BBC NEWS Americas Africa Europe Middle East South Asia Asia Pacific Arabic Spanish Russian Chinese Welsh
BBCi CATEGORIES   TV   RADIO   COMMUNICATE   WHERE I LIVE   INDEX    SEARCH 

BBC NEWS
 You are in: Health
Front Page 
World 
UK 
UK Politics 
Business 
Sci/Tech 
Health 
Background Briefings 
Medical notes 
Education 
Entertainment 
Talking Point 
In Depth 
AudioVideo 


Commonwealth Games 2002

BBC Sport

BBC Weather

SERVICES 
Saturday, 5 January, 2002, 00:24 GMT
Ageing cells give up secrets
ageing
The degeneration of ageing bodies is still a mystery
Scientists have uncovered a possible way of interfering with the process which could be responsible for a host of age-related illnesses.

However, treatments to slow down the ageing of cells may still be some distance away.

One of the ways in which the body ages is under the onslaught of "free radicals", oxygen molecules formed as a by-product of the process in which the cell converts energy into a form it can use.

These free radicals, or oxidants, can cause damage to the genetic information held in cells.


The role of uncoupling proteins could be fundamental to protecting against degenerative disease and ageing

Dr Martin Brand, Dunn Human Nutrition Unit, Cambridge
This damage in turn has been linked to the development of age-related conditions such as Alzheimer's disease, diabetes and certain cancers.

The Medical Research Council's Dunn Human Nutrition Unit in Cambridge has discovered body chemicals which appear able to protect cells against the harmful effects of free radicals produced within them.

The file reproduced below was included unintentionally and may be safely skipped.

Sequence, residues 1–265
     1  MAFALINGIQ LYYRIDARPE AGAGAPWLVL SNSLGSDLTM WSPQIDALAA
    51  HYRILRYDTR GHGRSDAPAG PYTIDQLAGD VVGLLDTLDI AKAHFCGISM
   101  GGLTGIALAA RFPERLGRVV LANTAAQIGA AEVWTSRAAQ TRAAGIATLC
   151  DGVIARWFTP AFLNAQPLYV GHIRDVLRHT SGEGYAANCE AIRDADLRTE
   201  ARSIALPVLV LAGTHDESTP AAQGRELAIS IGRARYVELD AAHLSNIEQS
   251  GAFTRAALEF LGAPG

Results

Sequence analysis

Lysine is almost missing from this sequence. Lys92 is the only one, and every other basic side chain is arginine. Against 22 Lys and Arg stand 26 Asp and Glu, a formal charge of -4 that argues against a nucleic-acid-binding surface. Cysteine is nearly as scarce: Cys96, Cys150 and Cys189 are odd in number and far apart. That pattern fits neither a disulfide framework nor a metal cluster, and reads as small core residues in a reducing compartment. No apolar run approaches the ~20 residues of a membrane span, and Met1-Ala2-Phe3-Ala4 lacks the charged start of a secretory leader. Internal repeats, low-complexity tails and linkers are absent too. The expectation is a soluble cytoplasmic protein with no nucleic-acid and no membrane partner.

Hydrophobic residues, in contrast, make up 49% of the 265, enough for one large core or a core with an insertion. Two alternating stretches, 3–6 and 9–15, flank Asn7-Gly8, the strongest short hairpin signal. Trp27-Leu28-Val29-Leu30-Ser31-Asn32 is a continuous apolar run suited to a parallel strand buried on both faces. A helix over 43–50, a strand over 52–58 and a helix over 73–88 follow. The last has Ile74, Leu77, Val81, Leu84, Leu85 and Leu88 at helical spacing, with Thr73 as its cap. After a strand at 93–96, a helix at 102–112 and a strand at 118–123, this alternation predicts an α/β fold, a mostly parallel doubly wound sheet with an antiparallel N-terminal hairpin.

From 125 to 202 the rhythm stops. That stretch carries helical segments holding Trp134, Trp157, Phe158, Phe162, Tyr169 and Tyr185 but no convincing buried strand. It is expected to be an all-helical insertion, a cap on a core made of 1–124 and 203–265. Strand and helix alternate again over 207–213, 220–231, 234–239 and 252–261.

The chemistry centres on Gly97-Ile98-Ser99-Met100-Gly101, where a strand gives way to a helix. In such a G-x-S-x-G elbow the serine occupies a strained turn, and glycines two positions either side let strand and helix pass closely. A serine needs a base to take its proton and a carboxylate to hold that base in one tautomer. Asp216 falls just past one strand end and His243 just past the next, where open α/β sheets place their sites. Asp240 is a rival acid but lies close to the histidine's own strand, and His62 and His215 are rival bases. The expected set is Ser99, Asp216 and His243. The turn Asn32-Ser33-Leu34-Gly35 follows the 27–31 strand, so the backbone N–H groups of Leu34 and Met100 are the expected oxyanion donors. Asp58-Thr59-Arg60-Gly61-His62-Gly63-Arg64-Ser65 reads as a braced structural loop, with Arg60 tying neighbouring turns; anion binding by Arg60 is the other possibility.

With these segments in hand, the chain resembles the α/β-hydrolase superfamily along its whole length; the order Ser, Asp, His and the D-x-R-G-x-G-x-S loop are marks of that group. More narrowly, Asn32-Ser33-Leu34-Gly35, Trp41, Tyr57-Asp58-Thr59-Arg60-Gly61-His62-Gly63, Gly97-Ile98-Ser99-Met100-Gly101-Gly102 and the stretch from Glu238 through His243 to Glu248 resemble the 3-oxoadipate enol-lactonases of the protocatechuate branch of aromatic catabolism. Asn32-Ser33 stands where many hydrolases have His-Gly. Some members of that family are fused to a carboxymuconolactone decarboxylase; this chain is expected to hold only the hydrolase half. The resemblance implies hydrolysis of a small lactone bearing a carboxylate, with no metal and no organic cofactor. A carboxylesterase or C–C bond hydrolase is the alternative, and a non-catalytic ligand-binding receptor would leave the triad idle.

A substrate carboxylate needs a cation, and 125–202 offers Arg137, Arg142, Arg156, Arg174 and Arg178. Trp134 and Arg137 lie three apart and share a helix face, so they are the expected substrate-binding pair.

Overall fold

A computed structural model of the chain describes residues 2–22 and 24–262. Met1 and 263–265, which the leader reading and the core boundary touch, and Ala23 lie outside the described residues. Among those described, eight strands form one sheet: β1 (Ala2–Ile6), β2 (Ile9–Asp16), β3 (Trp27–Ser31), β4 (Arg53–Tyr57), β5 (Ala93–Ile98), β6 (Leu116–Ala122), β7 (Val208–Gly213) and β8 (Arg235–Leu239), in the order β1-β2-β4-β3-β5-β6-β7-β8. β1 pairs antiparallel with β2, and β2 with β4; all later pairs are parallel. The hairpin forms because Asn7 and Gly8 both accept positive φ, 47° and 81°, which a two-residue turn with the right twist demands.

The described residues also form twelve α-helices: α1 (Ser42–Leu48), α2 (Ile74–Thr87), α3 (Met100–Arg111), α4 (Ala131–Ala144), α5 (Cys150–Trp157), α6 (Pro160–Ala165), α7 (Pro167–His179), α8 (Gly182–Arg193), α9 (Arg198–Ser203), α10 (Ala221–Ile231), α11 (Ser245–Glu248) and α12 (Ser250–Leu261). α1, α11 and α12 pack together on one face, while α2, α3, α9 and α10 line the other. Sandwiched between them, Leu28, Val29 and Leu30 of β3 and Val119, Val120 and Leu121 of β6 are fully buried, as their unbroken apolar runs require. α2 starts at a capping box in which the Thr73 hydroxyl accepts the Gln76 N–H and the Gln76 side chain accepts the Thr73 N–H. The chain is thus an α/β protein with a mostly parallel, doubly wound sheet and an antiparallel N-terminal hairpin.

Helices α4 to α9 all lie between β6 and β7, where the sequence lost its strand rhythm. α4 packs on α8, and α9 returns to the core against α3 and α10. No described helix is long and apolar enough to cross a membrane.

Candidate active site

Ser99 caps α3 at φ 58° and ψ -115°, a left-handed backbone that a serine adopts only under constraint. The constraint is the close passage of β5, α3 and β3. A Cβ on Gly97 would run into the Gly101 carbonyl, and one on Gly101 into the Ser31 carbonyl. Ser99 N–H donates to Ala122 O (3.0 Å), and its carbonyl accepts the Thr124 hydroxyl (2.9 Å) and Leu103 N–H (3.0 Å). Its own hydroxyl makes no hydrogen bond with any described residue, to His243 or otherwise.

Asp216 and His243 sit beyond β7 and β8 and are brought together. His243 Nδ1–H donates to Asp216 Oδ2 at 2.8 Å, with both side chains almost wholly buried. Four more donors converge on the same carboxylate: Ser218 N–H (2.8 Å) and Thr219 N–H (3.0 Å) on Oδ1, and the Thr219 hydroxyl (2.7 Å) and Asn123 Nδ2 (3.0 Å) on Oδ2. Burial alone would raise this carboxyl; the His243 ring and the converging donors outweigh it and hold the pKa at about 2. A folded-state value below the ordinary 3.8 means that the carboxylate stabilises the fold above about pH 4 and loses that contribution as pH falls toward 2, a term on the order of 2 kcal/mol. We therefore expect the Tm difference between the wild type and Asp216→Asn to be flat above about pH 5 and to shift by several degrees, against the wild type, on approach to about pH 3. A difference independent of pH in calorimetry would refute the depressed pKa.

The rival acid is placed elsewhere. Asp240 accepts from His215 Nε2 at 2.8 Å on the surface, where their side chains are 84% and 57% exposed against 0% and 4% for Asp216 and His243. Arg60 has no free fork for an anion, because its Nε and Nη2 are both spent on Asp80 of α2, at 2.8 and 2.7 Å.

The chemicals, called uncoupling proteins, help shift the free radicals away from sensitive areas of the cell to other areas where they can be safely dealt with.

Scientists believe that an undersupply of the proteins may make it difficult for the cell to rid itself of free radicals.

Possible therapy

They are hopeful that, in future, it may be possible to increase the supply with a treatment - and offer greater protection against free radicals.

Dr Martin Brand, from the unit, said: "The role of uncoupling proteins could be fundamental to protecting against degenerative disease and ageing.

"We hope that by understanding their role, we could find potential new ways to prevent or treat free radical linked diseases.

"For example, we might be able to decrease cellular ageing by using chemicals which switch these proteins on." The research was published in the journal Nature.

Limit calories

Free radicals have been blamed for tissue damage throughout the body - and patients told to eat a diet including plenty of fruit and vegetables to limit their impact.

The secrets of ageing have proved highly elusive in the past, with scientists able to come forward with few methods of increasing lifespan.

One suggestion is that a very limited calorific intake will extend life.

Other research in the journal Science in 2000 reported that a gene mutation in fruit flies which appeared to mimic the effects of calorific restriction had the effect of virtually doubling lifespan.

See also:

15 Dec 00 | Sci/Tech
Altered flies live twice as long
27 Aug 01 | Health
Long-life gene secrets
19 Nov 01 | Health
Why some age prematurely
Internet links:


The BBC is not responsible for the content of external internet sites

Links to more Health stories are at the foot of the page.


E-mail this story to a friend

Links to more Health stories